Bob Ley lives a double life. By day, he is a computer programmer, and by night he is a disc golfing fanatic. Ley first began disc golfing three years ago after he had undergone ankle surgery and was in the process of recovering. "I liked to be competitive, and I was trying to find something to do to start exercising again and get back in shape," he says. — Deanna Kerley


Kiawah Island set to be the center of the golfing world
Kiawah Island set to be the center of the golfing world Fore Play

Herb Whetsell, the Charleston Municipal Golf Course general manager, started golfing later in his life. An ex-police officer for the city, he first began golfing in his 30s when friends from the department invited him to play. But in 2000, Whetsell saw that there was an opening for a manager at the Muni and retired from the police department to pursue his dream job. Like most golf enthusiasts in the area, Whetsell is looking forward to the PGA Championship at Kiawah Island Golf Resort. "People are really starting to get excited about it," he says. "It is something good for Charleston. A lot of people don't realize how big it is. There are a lot of big names. It's a big deal." — Deanna Kerley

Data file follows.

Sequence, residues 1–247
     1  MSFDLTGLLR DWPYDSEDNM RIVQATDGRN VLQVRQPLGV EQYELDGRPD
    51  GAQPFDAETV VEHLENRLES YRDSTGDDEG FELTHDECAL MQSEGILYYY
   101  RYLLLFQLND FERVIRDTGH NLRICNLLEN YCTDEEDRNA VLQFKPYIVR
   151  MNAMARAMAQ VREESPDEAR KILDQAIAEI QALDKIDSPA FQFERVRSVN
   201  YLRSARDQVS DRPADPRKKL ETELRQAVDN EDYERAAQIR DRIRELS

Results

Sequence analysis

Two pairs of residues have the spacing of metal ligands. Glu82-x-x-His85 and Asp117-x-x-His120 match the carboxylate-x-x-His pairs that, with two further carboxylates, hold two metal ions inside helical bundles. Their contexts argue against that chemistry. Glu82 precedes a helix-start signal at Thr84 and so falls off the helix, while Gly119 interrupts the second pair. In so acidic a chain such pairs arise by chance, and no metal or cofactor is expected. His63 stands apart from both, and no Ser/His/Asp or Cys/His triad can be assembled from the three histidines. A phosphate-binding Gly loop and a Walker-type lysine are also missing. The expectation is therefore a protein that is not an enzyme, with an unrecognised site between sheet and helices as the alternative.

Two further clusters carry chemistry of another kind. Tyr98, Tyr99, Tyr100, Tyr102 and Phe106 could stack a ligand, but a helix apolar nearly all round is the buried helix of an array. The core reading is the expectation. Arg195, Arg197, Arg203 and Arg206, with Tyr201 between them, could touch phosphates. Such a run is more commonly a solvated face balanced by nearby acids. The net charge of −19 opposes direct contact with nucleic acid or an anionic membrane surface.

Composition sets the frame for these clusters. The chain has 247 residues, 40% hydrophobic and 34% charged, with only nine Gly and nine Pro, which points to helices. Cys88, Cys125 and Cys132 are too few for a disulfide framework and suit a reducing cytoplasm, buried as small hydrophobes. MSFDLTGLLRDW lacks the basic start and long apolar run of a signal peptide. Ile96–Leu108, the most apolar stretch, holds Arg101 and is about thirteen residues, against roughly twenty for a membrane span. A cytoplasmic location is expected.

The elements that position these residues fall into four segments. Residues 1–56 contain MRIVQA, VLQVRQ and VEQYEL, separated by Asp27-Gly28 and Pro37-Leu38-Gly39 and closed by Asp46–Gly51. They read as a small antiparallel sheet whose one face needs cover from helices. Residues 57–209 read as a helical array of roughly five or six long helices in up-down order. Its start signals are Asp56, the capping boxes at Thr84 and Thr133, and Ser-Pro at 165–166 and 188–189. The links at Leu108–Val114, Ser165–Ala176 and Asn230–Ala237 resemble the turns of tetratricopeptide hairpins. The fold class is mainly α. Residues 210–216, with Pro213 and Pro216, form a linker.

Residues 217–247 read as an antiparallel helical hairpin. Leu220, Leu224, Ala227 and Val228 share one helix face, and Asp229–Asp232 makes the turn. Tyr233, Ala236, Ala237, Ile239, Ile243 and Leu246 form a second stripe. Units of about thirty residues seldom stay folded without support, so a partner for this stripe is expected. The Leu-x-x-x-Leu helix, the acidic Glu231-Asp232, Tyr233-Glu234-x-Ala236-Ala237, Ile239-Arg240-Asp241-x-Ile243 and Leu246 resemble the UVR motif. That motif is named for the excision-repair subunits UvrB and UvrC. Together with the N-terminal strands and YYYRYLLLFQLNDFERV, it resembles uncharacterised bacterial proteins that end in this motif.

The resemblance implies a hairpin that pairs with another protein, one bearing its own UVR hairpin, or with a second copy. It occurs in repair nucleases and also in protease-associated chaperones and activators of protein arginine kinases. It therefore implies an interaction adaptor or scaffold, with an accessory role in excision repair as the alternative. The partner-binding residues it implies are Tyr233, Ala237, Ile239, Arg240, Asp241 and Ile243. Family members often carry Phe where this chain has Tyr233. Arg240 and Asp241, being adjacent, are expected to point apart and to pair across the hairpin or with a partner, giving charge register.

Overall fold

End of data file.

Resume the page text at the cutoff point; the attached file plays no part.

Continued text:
Stay in an Edisto treehouse and live it up in the great outdoors
Stay in an Edisto treehouse and live it up in the great outdoors The High Life

If you're feeling outdoorsy, but don't want to sleep on the ground, Carolina Heritage Outfitters on the Edisto River has three treehouses just for you. — Elizabeth Estochen


It's not like the authorities will let you pitch a tent in Marion Square
It's not like the authorities will let you pitch a tent in Marion Square Camping Out of Town